For the longest time, I resisted pop music. My early childhood music consisted of show tunes, instrumental movie soundtracks and similar stuff. I listened to baseball games and CBS Mystery Theater on the radio. I know, right about now you're smacking your head saying "This explains everything!" And you're right. I spent my first twelve years largely outside the influence of popular music.
Then my family moved to New Mexico. And I had two choices on the radio: Country or pop. And, duh, pop it was.
At the time, it was well-received, but over the years Tug of War has climbed the charts of "great albums." As it should. Remarkably, despite the massive amount of craft put into the songs (McCartney and Martin back together again; I can only imagine the studio time involved), the album itself moves along briskly. You can quibble with the merits of "Ebony and Ivory" (it sounded much better in 1982, I swear), but the whole album stays in pocket.
So I was stoked when Pipes of Peace hit the stores a couple of years later. In hindsight, I should have recognized that my slight hesitation when I first heard "Say Say Say" (the duet with Michael Jackson that served as "payback" for the glorious "The Girl Is Mine" on Thriller) meant that Pipes was not up to the task of following Tug of War. And wow. It was a colossal disappointment. If I ever listened to that album all the way through, it was just the first time. I don't think I did, however. I remember pausing on the flip to try and work out my angst before soldiering on.
Didn't work. Pipes is a borderline awful album. I didn't understand. How could the guy who created the brilliant Tug of War (and a Beatle, besides!) come right back with something so terrible? In many ways, that question is what has driven my writing about music. I've spent more than twenty years trying to explain how it is that one album sounds so naturally awesome and another sounds like a Tinkertoy contraption about to collapse. I can give you all sorts of technical reasons, but largely it boils down to staying in pocket.
"The pocket" in music is like "the zone" in sports. You know it when you hear it. Geniuses seem to locate and stay in pocket longer, but it is still something of a mystical concept. In any case, the difference between good and bad often comes down to how well an artist stayed in pocket. In short, music that stays in pocket sounds effortless, as if sprung into the air by virtue of its innate irrepressibility. The great albums all have this feeling of inevitability. But to make a great album, you must have a series of songs that not only stay in pocket--they have to stay in the same pocket. Not easy at all.
There are genres that resist the concept of the pocket. Prog (and its extended family) actively scoffs at the notion of an all-powerful pocket, preferring to rely on steely technical prowess (and a good blaster). This is why prog's popularity will always be limited.
Other genres rely almost exclusively on the pocket. Americana, in particular, rises or falls depending on the condition of the pocket. Once the songs start sounding like assembled parts, the magic is gone. Blair Crimmins and the Hookers play a specific brand of americana that insists on wink and a promise. It's more old-timey than folky, with its roots firmly planted in Dixieland jazz and Tin Pan Alley. There are double-entendres galore (almost as many musical as lyrical) and a general good-timey feel. After a few seconds, it's clear that this album will succeed as long as Crimmins and company don't bog themselves down with silly concepts like artistic purity and slavish devotion to influences.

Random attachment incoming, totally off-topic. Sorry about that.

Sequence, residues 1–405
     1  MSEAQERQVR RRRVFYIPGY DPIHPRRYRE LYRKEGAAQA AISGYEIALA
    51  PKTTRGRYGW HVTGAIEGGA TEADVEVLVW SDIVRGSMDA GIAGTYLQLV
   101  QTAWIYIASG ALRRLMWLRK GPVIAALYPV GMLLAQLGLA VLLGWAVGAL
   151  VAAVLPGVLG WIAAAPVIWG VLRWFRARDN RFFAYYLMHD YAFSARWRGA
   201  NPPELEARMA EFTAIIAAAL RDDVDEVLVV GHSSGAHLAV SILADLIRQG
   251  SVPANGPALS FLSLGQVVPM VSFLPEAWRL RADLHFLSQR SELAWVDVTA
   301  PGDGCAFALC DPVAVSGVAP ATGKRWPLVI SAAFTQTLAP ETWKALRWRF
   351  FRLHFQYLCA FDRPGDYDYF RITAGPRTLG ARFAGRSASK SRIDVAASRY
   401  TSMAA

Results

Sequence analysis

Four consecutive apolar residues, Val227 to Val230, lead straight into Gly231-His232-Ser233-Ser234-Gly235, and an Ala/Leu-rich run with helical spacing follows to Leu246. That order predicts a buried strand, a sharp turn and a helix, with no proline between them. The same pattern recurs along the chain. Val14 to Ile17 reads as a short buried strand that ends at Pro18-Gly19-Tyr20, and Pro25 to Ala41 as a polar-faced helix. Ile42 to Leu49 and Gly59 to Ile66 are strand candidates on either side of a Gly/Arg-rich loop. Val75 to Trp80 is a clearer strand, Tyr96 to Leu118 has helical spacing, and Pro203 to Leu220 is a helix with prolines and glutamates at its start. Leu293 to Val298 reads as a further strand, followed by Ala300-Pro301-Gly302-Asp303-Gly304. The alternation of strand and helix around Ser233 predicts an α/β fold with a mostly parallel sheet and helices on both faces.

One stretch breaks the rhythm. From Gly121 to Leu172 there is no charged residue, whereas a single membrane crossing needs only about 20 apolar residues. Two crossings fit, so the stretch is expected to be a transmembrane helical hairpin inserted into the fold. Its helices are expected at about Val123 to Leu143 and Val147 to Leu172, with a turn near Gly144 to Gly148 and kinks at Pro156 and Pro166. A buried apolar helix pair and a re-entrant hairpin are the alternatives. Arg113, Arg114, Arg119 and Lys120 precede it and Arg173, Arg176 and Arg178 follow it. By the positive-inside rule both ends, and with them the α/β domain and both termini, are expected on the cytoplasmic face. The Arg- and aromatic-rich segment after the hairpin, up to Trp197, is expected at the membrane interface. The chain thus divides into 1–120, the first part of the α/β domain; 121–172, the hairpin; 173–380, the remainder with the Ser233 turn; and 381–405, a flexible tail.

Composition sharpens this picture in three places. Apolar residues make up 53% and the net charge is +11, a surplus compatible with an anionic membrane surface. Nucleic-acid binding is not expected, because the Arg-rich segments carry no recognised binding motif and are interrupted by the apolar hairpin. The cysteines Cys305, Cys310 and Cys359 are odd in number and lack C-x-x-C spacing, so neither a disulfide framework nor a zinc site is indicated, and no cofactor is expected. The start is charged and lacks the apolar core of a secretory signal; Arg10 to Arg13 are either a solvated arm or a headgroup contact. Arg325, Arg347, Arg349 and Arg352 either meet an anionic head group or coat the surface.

In other words, if this album veers even slightly from the modestly crude mania suggested by the first track's title ("Roll Over Bessie"), then it will fail.
Thankfully, everyone simply has a good time. The songs roll by with a cheerful leer. The musicians never let up off the throttle, which gives these songs an irrepressible energy. I suppose there are those who might tire of puns and slightly off-color metaphors, but that sort of silly humor pairs perfectly with this impeccably squonky music.
Or, in other words, Crimmins found the pocket and sat down in it. There's not a dull moment in this album (the 11 songs clock in at just past 35 minutes). Crimmins is more than willing to wallow in his slightly seedy world, and we get to bask in the afterglow. Lovely.
He's My Brother She's My Sister (no punctuation, apparently) hail from the rock and roll side of americana. To be more precise, the band works the americana side of indie pop. The sound is much more stripped down and relies on some lovely lead guitar work to really shine. But the pocket is established quickly here as well, and HMBSMS drives uptempo beats, some lovely guitar work and a loose vocal style to stay the course nicely.
There's no way to escape this album without a smile. Whether channeling rockabilly, folk rock, California country rock, Big Star-ish ameranglo pop or whatever, HMBSMS tears the cover off the songs. Eyes closed, it's easy to imagine this band in the living room. There a real feel of spontaneous generation here, even if science long ago discredited that theory.
If you have any doubts, crank up the fourth track ("Same Old Ground") and hear how the band gives late 60s Stonesey rock an enema and ends up with a gem. I think I've listened to that song 50 times, and I still can't wait to hear it again.
In the end, I suppose that all a given review ought to say whether or not an artist hit the pocket and stayed there. That would make my job a lot simpler--if it didn't eliminate my job entirely. Whatever the words, however, Blair Crimmins and the Hookers and He's My Brother She's My Sister have found the sweet spot (even if it's impossible to say the same about their unwieldy names). Tonight I'm smiling.
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